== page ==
The role diet plays in endometriosis

If you have endometriosis, the endometrial tissue that normally lines the inside of your uterus becomes displaced and moves outside into your pelvic cavity. When this tissue grows and tries to shed during a menstrual period, the endometrium cells instead bleed into the pelvic cavity, becoming fibrous over time and forming scar tissue. Oestrogen and progesterone are essential hormones to regulate your menstrual cycle. They help prepare the endometrium for implantation of a fertilised egg and control menstruation through receptors in endometrial tissue. Progesterone surges at the end of a menstrual cycle, signaling the start of menstruation.  This endometrial tissue located outside your uterus still responds to hormones that circulate in your bloodstream, causing the pelvic pain and cramps you may experience during your period.  The food you eat can influence hormone production and help these symptoms, allowing you to cope better and improve your lifestyle.


The role of hormones in endometriosis
Oestrogen dominance has been linked to women with endometriosis.[i] It occurs when women have higher levels of oestrogen with reduced amounts of progesterone in their bloodstream. Prostaglandins are a hormone stimulated by oestrogen and, if you have endometriosis, continue to be secreted by the endometrium outside the uterus – having a direct observed relationship to the pelvic pain you may experience during menstruation. [ii] Your body produces three types of prostaglandins to be kept in balance for the inflammatory process and to reduce pain symptoms associated with endometriosis. If you have large amounts of endometrial tissue spread throughout your body as well as oestrogen dominance, higher amounts of prostaglandins will be secreted – causing even more cramps and painful periods.[iii]


Prostaglandins, oestrogen and diet
Taking control of your diet can help to alter the levels of oestrogen, progesterone and prostaglandins secreted in your body.  Controlling oestrogen through nutrition is an empowering way to balance these hormone levels in your bloodstream.  A diet that eliminates foods which stimulate the production of oestrogen and supports oestrogen excretion from the body can help you manage the painful symptoms and inflammation caused by endometriosis. If you focus on eating just one type of food, your body might develop a tolerance to it over time. It’s best to have a variety of foods to include in your diet. Eating food fresh and avoiding processed foods can be beneficial for women with endometriosis.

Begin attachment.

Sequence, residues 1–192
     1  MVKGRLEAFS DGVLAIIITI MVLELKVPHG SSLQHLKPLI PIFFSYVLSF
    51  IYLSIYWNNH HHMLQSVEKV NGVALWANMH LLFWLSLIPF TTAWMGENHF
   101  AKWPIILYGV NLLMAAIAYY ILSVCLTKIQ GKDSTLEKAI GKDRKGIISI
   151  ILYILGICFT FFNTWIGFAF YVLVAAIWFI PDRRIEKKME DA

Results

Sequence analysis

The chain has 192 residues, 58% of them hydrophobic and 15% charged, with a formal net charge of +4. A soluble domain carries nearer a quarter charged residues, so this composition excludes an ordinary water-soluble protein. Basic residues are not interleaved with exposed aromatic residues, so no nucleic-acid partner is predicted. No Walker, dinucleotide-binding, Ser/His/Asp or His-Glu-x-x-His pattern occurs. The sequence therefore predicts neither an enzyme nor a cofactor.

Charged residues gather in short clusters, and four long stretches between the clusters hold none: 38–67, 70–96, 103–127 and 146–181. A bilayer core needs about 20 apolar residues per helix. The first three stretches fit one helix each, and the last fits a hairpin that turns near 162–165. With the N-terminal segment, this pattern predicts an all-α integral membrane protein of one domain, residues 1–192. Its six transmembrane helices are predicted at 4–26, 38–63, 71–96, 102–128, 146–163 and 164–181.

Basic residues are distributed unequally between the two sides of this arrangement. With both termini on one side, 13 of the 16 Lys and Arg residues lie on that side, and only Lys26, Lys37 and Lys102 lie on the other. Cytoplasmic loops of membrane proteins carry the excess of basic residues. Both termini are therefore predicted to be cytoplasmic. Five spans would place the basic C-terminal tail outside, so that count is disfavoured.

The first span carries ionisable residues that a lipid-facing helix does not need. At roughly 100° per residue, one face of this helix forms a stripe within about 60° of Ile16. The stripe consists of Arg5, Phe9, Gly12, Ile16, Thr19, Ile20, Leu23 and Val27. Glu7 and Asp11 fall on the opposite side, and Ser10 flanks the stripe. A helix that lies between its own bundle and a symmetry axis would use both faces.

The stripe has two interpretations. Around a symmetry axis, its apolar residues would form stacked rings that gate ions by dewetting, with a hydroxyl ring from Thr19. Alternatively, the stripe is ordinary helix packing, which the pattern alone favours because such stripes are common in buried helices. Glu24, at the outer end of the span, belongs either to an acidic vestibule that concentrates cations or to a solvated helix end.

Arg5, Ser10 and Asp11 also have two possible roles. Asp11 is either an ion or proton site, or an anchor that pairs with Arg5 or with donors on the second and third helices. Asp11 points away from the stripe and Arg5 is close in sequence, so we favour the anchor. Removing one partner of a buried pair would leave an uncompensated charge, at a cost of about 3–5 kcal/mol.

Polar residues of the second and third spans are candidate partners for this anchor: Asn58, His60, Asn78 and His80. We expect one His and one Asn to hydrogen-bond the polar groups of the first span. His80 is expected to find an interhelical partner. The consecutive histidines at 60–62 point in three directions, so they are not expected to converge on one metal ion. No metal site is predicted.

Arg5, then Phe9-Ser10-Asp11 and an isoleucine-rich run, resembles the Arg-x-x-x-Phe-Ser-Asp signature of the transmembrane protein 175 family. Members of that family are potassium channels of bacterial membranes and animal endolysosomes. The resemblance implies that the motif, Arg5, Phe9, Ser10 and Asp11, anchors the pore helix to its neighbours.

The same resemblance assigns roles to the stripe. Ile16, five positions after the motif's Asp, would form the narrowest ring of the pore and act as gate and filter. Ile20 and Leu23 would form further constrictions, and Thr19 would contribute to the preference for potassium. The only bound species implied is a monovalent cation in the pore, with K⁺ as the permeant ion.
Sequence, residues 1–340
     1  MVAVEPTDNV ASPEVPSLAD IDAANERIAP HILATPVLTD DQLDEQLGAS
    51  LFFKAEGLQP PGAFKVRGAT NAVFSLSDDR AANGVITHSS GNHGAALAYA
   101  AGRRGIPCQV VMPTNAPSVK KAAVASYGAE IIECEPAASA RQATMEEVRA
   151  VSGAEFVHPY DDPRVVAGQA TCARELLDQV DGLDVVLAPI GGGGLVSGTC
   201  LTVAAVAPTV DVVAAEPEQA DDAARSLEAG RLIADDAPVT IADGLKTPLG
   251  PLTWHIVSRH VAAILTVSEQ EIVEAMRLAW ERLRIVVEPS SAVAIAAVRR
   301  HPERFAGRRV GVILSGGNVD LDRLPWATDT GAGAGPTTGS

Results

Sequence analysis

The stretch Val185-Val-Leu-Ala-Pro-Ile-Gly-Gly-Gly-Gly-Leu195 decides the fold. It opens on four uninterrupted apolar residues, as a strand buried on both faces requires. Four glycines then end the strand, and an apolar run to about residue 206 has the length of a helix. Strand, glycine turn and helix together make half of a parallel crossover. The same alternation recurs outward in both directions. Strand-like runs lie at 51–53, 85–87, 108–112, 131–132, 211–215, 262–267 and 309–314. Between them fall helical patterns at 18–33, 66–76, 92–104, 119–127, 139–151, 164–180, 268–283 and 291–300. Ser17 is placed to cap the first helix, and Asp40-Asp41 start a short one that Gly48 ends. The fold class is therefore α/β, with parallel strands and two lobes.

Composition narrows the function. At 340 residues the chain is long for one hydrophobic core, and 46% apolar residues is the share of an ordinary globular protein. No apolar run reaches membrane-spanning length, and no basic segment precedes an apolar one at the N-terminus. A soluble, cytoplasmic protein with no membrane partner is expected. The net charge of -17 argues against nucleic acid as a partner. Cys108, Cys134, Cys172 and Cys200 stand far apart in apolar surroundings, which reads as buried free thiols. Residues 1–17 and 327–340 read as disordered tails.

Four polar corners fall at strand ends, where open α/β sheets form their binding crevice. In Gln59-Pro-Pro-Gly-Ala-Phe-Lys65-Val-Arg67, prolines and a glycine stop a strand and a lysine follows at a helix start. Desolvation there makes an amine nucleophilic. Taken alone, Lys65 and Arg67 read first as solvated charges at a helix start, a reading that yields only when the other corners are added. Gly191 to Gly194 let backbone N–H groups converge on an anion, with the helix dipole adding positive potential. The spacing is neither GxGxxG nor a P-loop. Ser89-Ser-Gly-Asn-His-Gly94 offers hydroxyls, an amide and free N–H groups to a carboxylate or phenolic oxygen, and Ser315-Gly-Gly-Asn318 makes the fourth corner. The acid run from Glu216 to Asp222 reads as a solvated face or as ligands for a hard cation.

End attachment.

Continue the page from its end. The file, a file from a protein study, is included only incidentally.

How diet can help
Knowing food sources that may contribute to oestrogen and prostaglandin production and excretion can help you plan your meals.  You can confidently select food to include and exclude from your diet:

  • Fibre, particularly the soluble kind, binds to excess oestrogen and inhibits reabsorption[iv] – this may include fruit, vegetables, beans, whole grains and nuts


  • The body needs a constant supply of B vitamins to help with liver function and creation of enzymes needed to excrete excess oestrogen[v]


  • Glutinous grains, such as wheat, contain phytic acid that reduces mineral absorption[vi] – gluten free is a great option, and try to vary the type of cereals rather than consuming just wheat (spelt and semolina are best avoided too)


  • Cow’s milk can cause bloating if you’re lactose intolerant – if endometrial tissue is attached to your bowel, this bloating can heighten your pain and discomfort


  • Vitamins and minerals such as magnesium, calcium, iron, zinc and selemium may help pain and immunity – vitamins A, C and E are also helpful antioxidants which may help metabolise oils and fats you consume to prostaglandins


  • Omega-3 fatty acids – the balance of the three types of prostaglandins is converted from essential fatty acids using B vitamins,[vii] so consider a balance of a low intake of animal fats combined with increasing your intake of good quality, unrefined cold-pressed vegetable and fish oils


[i] Bulun, S.E. et al. ‘Estrogen biosynthesis in endometriosis: molecular basis and clinical relevance Journal of Molecular Endocrinology 2000; 25:35-42

[ii] Koike, H. ‘Correlation between dysmenorrheic severity and prostaglandin production in women with endometriosis’ Prostaglandins Leukot Essent Fatty Acids 1992; 46:133-7

[iii] Rakhile, H. et. Al ‘Abnormal expression of prostaglandins E2 and F2a receptors and transporters in patients with endometriosis’ Biomed Research International 2014; Article ID 808146, in press

[iv] Gaskins, A.J. et al. ‘Effect of daily fiber intake on reproductive function: the BioCycle Study’ American Journal of Clinical Nutrition 2009; 90 (4):1061-9

[v] Proctor, M.L. & Murphy, P.A. ‘Herbal and dietary therapies for primary and secondary dysmenorrhoea’ Cochrane Database Systematic Review 2001;(3):CD002124

[vi] Coulibaly, A. et al. ‘Phytic acid in cereal grains: Structure, healthy or harmful ways to reduce phytic acid in cereal grains and their effects on nutritional quality’ American Journal of Plant Nutrition and Fertilization Technology 2011; 1:1-22

[vii] Sohrabi, N. et al. ‘Evaluation of the effect of omega-3 fatty acids in the treatment of premenstrual syndrome: “A pilot trial” Complementary Therapies in Medicine 2013; 21(3):141-6